Cutting hospital stays 'putting patient care at risk'
By Nigel Praities
MPs have raised concerns over the efficiency drive the Government is planning in the NHS, saying it risks compromising patient care.
A report from the Public Accounts Committee questions the Department of Health's drive to reduce costs, saying moves to make a £300m saving by reducing hospital length of stay were ‘statistically unsound'.
The reports points to a rising rate of emergency readmissions as evidence that the Departments approach is flawed.
Edward Leigh MP, Chairman of the Committee of Public Accounts, said: 'It is of the utmost importance that the NHS achieves value for money from its funding and that productivity is continuously driven up.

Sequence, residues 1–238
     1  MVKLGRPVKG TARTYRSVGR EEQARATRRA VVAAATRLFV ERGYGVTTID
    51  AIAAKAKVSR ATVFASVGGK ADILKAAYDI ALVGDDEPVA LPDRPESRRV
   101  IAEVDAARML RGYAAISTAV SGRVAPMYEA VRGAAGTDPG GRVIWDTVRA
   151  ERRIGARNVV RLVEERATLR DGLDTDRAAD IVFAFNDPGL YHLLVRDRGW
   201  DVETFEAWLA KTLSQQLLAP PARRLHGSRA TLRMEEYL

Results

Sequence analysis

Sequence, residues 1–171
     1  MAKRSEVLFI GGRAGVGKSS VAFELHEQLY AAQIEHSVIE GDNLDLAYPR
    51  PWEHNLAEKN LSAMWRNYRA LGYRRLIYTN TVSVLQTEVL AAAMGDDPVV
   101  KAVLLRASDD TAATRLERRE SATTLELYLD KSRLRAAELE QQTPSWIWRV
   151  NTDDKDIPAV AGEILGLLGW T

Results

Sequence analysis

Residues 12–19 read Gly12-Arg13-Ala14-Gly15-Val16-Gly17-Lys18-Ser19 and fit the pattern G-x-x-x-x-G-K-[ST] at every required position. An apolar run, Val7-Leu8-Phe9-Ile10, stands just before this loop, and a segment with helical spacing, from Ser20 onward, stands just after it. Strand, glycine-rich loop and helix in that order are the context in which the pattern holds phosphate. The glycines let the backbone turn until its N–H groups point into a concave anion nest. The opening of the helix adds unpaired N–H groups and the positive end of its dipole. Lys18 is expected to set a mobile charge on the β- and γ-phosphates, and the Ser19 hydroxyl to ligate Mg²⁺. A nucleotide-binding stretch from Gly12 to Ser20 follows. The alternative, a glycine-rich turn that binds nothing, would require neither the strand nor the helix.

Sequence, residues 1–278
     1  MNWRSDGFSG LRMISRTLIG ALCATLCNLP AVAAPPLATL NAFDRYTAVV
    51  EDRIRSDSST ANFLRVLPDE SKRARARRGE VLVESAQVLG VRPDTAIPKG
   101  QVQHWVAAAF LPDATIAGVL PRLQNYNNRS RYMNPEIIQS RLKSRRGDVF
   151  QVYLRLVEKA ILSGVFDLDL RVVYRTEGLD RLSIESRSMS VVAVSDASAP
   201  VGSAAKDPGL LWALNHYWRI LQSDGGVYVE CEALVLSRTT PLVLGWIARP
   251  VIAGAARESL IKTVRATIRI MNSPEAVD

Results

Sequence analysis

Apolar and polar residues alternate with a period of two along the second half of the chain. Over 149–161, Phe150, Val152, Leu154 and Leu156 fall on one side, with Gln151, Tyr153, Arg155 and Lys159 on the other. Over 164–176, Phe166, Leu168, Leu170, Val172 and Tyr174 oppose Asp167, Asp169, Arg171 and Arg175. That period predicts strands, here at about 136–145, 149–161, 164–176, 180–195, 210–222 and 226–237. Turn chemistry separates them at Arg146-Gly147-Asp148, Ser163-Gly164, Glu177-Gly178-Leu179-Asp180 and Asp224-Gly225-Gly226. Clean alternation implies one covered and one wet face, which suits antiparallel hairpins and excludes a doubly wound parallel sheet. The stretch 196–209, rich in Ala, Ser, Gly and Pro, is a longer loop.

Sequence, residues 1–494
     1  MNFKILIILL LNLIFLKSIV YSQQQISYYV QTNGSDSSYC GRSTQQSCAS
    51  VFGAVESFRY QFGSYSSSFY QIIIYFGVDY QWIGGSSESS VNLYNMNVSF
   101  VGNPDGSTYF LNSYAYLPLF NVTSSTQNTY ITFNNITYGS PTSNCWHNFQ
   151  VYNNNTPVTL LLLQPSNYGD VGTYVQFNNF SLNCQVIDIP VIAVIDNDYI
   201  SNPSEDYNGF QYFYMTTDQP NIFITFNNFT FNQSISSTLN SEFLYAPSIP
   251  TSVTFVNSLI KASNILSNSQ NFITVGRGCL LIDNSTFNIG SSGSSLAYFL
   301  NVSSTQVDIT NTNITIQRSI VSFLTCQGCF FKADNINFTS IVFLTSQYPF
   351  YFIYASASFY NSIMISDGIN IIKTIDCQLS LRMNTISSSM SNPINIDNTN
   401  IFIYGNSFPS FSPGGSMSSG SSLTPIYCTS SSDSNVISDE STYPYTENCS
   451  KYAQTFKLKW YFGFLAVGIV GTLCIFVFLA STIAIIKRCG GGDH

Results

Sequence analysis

‘What must be demonstrated, rather than just asserted, is that improvements in efficiency are genuine and not at the expense of the care provided to patients.'
The report also criticises Department of Health plans to ring-fence the £1.67 billion surplus in the NHS from 2007/08 to sure up health spending in future years.
‘Whilst some contingency planning is sensible, there is a real risk that patients lose out because the NHS is not spending its allocated funding on treating them,' the report says.
Mr Leigh said: It's not the case that the bigger a surplus the better. Patients lose out if too much NHS funding is sitting unspent in bank accounts.'